Some councils take shredded paper with the kerbside recycling or at your local bring bank. Other councils will not accept shredded paper for recycling at all. You’ll need to phone your local district council and ask their policy.
The main reasons for not accepting shredded paper is that some paper mills cannot deal with it. It’s said that shredded paper makes weaker fibres and produces an inferior quality product. In some paper mills, the small fragments cause problems with machinery, so it will depend on where your individual council sends their paper to, as to whether shredded paper can be included in your local recycling.
If your local council will accept shredded paper for recycling, you’re lucky! But what if they won’t?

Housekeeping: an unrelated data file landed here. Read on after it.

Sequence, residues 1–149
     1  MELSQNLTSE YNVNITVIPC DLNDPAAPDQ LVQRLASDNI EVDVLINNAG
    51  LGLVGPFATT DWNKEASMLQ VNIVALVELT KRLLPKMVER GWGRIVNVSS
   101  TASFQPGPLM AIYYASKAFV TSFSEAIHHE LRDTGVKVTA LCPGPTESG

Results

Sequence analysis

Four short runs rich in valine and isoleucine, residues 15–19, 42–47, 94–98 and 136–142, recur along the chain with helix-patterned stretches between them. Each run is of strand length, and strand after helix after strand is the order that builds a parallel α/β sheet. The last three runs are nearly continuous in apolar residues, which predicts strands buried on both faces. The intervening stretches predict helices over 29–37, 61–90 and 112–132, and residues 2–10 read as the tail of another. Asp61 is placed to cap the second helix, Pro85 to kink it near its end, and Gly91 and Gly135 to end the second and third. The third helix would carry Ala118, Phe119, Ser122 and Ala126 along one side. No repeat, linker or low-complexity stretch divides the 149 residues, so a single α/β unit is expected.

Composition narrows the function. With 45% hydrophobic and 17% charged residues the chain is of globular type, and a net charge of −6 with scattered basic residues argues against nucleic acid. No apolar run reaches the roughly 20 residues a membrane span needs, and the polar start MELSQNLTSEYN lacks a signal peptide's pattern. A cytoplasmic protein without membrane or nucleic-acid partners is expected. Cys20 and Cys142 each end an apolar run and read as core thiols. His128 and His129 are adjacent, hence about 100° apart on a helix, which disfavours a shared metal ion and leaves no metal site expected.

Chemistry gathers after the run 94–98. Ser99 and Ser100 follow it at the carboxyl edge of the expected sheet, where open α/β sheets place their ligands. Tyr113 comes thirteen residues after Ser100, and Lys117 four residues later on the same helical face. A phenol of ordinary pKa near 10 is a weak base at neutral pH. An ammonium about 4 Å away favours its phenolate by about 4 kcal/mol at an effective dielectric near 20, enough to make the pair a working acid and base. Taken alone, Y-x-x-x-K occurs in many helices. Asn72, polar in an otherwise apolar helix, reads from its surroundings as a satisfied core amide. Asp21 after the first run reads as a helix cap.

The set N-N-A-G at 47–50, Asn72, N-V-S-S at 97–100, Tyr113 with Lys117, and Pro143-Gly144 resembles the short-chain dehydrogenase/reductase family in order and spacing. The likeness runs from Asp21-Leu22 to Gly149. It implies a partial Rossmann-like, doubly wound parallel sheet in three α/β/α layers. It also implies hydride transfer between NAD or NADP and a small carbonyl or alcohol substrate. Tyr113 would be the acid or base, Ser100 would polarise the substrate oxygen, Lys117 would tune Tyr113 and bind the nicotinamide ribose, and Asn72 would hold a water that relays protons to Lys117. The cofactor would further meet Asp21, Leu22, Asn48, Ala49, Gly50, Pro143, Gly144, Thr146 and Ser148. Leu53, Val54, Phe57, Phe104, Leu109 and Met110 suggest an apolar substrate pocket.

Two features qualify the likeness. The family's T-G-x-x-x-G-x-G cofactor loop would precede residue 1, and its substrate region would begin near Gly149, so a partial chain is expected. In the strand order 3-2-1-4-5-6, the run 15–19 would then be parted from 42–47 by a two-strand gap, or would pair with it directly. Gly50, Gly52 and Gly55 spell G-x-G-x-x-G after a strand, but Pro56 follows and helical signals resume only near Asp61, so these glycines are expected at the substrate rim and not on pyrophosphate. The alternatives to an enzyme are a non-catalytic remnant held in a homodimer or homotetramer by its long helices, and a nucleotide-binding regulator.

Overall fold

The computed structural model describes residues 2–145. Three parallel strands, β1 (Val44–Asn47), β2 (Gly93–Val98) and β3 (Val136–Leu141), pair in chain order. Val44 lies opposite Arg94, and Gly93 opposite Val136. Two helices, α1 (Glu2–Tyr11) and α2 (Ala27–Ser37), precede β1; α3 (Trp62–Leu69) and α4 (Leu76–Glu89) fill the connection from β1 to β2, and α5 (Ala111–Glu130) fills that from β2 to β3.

Here are 7 ways to reuse shredded paper – Please add your suggestions in the comments below!
- Composting is a great way to get rid of shredded paper; especially for confidential information such as bank statements. It’s the perfect way to avoid identity theft!
- If you don’t have a compost bin, you can put a small amount of shredded paper into a wormery.
- Shredded paper makes a great fire starter, unlike sheets of flat paper – offer it to a friend with a woodburner to make paper logs from.
- Some shredded paper can be used for pet bedding, underneath the straw. Beware of toxic inks though.
- Talking of pets, you can use shredded paper in a cat litter box.
- Use shredded paper as packing material when sending gifts – it’s far more eco friendly than polystyrene (styrofoam) peanuts.
- If you fancy a messy, but fun project, try using it to make your own paper!
What about you? How do you recycle shredded paper?